Aisha on what women want… and don?t want. And the start of her own law firm
Aisha is a 36 year old solicitor who recently launched a legal practice.She lives in The Hague with her Irish boyfriend of 10 years and their 18 month old daughter. She is also a member of The Hague City Council.
How old was your daughter when you returned to work??2 months
2 months - that's quite young. What type of childcare arrangements did you make? I was very lucky because my parents were willing to help us look after her... they live around the corner.
How did your career change since you had your daughter? That's a tough one! It's hard to determine which changes were choice and which were necessary. Before I had Famke, I worked as a policy advisor in the House of Parliament. Politics is not a 9-to-5 game - that was great because I loved it. But working 60 hour weeks, including my city council work, was too much. And I wasn't fine with barely seeing Famke. Unfortunately it wasn't possible to cut back on the hours as a policy advisor. So I decided to try my luck elsewhere. But finding a part-time position to combine with my city council work and home life proved harder than I thought. So in the end I decided to create the job I was looking for myself... That is why I started my own law firm. It's not ideal because starting your own business is messy, expensive and doesn't pay off immediately. But it gave me the freedom to do what I love in the way I wanted - and that is amazing.
What is one of the biggest challenges you experience in your work life now? Right now it's the question of 'how fast will my business turn a profit?'. I started on the 1st of February and I have had about 5 cases so far. But most of my monetary gains go straight back into the business. Finding financial independence is a journey.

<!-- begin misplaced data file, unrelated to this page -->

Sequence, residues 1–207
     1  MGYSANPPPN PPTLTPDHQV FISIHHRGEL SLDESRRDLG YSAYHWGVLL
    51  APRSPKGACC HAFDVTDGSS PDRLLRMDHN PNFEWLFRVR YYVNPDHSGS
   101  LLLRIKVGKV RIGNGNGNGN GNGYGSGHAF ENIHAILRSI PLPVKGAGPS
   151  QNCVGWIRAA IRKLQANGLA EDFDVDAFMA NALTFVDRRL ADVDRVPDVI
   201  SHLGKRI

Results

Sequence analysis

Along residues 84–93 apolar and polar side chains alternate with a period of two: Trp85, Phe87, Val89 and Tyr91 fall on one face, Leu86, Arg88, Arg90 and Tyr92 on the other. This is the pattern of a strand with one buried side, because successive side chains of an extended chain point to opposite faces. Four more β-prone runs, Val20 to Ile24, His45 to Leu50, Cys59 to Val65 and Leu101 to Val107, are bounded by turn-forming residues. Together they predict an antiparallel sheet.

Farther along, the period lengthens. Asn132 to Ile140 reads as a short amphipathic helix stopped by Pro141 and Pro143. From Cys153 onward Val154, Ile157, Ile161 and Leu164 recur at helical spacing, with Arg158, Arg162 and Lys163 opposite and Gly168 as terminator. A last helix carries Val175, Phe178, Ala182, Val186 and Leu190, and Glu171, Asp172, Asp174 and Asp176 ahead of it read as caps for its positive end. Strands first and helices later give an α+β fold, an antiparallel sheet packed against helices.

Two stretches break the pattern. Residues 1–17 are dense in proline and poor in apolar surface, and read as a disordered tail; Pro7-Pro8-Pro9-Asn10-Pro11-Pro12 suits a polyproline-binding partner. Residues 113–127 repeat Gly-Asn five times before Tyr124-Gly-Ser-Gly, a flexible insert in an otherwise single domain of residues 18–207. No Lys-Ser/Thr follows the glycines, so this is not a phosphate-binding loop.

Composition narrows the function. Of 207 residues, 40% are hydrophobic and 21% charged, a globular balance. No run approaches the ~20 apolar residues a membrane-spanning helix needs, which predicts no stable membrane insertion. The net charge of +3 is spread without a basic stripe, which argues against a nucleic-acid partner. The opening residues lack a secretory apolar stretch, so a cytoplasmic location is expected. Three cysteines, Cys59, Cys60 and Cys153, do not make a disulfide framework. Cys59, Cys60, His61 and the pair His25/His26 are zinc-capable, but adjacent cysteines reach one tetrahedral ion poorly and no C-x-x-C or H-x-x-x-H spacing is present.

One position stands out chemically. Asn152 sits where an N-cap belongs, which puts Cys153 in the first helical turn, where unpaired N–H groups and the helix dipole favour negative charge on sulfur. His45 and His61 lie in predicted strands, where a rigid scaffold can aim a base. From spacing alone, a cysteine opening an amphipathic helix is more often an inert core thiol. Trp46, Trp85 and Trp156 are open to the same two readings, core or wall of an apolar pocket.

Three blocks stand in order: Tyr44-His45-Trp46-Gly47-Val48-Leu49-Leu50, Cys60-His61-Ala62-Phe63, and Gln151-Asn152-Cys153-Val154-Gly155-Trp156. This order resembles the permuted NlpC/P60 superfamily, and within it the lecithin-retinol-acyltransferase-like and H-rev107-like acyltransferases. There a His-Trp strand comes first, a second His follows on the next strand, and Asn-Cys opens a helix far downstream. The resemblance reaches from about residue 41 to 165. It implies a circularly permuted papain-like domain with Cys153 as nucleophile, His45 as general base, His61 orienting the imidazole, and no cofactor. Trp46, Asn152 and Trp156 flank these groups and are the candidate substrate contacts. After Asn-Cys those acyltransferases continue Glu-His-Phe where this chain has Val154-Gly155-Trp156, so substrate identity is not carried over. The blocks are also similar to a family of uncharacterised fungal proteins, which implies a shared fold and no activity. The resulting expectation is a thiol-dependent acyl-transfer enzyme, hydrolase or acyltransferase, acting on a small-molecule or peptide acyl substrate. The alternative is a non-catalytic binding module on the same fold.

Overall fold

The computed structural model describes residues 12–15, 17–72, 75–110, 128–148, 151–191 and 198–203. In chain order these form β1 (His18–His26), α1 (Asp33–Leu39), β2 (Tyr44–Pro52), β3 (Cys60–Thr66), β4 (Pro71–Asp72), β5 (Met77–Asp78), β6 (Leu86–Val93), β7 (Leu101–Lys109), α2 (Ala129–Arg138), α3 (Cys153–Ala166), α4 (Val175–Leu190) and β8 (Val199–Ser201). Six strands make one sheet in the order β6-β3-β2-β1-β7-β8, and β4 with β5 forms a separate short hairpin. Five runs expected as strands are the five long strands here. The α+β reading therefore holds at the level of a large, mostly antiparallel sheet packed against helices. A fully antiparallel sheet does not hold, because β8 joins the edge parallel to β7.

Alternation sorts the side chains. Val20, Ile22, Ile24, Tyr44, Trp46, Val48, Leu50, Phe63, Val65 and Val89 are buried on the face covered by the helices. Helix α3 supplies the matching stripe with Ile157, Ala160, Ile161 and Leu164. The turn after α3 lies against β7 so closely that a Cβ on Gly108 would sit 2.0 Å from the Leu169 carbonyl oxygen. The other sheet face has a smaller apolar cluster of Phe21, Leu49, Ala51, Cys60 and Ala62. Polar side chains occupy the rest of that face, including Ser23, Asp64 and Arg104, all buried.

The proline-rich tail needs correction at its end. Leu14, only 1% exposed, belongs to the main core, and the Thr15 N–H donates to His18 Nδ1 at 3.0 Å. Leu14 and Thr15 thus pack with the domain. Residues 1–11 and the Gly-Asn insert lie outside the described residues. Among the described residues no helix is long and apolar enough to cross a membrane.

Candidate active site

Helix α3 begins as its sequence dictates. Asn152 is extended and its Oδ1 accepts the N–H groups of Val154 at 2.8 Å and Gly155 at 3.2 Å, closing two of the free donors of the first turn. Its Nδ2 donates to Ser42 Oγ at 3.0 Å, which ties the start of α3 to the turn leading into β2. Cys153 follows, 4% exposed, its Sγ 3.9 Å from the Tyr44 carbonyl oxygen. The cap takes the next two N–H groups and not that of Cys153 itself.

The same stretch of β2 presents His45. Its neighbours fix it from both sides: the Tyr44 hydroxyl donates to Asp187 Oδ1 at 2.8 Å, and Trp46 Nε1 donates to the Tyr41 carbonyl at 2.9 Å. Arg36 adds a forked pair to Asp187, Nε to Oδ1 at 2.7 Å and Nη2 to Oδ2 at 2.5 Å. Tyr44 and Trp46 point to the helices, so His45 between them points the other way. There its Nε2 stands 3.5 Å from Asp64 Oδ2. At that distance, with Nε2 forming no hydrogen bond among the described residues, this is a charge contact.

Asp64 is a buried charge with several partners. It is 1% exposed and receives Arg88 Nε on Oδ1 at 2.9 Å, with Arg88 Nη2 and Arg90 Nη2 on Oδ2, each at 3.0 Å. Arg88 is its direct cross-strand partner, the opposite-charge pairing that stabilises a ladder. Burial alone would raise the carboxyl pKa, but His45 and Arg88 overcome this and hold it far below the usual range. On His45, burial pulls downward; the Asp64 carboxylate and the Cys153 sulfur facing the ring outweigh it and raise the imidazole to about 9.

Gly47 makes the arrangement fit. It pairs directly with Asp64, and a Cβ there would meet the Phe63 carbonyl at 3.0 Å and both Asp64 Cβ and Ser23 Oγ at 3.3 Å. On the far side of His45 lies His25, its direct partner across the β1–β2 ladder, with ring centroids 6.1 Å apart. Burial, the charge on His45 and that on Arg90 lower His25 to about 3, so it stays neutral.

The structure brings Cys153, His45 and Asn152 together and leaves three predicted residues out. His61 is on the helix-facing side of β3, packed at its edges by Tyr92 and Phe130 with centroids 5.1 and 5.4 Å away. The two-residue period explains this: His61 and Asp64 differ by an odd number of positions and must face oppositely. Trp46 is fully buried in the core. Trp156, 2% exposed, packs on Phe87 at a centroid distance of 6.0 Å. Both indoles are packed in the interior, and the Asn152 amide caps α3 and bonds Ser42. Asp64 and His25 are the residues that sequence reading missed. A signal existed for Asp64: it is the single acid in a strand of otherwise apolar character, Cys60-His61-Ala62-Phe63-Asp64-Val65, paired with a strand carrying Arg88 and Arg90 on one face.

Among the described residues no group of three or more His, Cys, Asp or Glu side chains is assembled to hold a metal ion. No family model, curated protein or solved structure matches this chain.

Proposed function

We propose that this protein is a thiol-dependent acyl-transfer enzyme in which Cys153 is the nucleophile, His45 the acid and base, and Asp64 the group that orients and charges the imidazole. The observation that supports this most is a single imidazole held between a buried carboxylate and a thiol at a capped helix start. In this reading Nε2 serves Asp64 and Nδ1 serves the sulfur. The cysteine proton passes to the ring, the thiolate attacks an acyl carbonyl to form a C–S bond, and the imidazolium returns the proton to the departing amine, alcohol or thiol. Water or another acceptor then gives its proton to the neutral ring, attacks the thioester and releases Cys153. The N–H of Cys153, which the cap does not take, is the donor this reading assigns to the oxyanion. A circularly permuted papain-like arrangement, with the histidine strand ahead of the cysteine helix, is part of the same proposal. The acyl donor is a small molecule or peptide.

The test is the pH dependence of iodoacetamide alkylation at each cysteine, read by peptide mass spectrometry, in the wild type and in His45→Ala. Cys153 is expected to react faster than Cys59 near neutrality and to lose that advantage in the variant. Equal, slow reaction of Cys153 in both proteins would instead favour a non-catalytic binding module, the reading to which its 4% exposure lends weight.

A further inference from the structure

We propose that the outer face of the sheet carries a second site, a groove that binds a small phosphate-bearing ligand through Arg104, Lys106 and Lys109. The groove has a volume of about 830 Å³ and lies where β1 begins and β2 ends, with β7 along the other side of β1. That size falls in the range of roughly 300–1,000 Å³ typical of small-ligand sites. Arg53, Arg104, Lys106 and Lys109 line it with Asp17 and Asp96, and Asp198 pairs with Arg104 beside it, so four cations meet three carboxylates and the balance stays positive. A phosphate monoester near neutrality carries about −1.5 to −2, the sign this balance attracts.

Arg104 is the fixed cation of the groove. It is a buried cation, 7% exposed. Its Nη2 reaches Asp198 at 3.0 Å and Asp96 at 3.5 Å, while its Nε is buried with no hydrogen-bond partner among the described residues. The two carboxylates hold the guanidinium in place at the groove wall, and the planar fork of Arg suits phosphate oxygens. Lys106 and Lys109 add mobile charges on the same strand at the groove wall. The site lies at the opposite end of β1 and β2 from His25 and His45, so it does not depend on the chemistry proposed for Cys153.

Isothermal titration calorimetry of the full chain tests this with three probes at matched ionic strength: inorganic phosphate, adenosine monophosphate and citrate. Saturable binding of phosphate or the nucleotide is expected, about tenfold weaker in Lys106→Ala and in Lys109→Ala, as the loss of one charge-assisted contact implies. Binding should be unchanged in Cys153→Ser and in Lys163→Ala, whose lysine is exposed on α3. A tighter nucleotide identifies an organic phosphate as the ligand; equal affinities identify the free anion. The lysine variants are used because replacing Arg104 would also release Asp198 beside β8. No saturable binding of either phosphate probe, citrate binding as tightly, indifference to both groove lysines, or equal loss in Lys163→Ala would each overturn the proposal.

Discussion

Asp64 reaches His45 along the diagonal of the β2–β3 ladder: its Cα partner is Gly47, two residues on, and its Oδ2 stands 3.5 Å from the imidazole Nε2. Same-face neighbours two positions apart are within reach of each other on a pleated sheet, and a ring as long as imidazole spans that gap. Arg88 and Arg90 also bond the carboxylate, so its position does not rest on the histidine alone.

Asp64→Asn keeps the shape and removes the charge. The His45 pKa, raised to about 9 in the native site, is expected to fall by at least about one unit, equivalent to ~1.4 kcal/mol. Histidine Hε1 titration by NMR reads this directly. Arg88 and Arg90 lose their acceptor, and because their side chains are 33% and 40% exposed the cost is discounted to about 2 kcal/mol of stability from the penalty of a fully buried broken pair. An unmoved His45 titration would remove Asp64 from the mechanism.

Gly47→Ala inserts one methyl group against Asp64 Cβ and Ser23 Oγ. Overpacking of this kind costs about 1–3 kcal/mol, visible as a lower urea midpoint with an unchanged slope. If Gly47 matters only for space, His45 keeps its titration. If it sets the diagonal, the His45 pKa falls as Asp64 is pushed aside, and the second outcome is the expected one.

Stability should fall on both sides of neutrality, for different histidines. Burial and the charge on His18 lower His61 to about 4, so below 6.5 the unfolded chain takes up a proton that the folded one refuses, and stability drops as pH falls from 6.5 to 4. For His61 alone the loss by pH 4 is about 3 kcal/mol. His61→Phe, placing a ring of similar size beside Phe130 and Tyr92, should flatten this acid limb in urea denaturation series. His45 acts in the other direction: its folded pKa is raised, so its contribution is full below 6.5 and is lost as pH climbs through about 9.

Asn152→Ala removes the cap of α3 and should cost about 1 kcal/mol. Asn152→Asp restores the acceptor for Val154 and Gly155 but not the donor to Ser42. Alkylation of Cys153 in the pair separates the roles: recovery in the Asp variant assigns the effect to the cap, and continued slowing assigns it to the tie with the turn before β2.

According to recent studies, the numbers of women in leadership positions is still low in The Netherlands. Gender pay gap is also an issue for most women. What are your thoughts on this? Why don't we crack the solution to world peace too while we're at it...? (smile) You ask tough questions Angela! But it's a good one...
Where do I begin? I found that society has a preconceived notion that every woman wants to have babies and raise children. If a man and woman go for a job interview, then the interviewer may think the woman poses a risk - since she may take a long maternity leave. That already puts the woman at a disadvantage.
And even if you get the job, it doesn't end. When a man leaves at 18:00, people will assume it's because he's efficient. When a woman leaves at 18:00 they think she cares more about her home life than about work.
It sounds strange but it still happens, even in The Netherlands!
So women still find it hard to climb the corporate ladder? Of course, women are frequently passed up for promotions because people assume they don't want the long hours and the extra pressure. With men that's never an issue, even if they have kids.
I have also met an awful lot of extremely competent, leadership material, super efficient, intelligent women who were in low-paying, low-power positions: secretaries, teachers and nurses.These women would blow the male politicians and CEOs out of the water. Why are they not in leadership positions? Do they care more about giving to society than about power and money? Or did they not get the same opportunities as men? I'd love to know.
What do you think about men playing their part as a parent? Yes! Men should be taken seriously as parents. A female colleague told me that she found men who worked less to spend more time with their kids a total turn-off. (Errmm, well yes it should be, because he's probably attached).
She thought that a man should be 'manly' - working long hours, wearing a sexy suit, bringing home the bacon.
But that's old-fashioned. How can we as women expect to be taken seriously in the workplace if we don't take men seriously in the home? It works both ways.
Some women complain that their men can't handle child-related activities properly. And they go into lioness mode, swoop in and take over. Nothing is ever gonna change if we keep doing that.
How do you envision your career and life in 3 years? I see my firm thriving, my clients happy, and me satisfied with a job that provides fulfillment and pays the bills. Just as important I want balance between family and career.
A message to your daughter: I wish you... My smart, strong, sweet, beautiful Famke... I wish for you to grow up content with who you are, living in freedom, healthy, happy and safe from harm and I hope you will always surround yourself with people who love you and accept you, warts and all.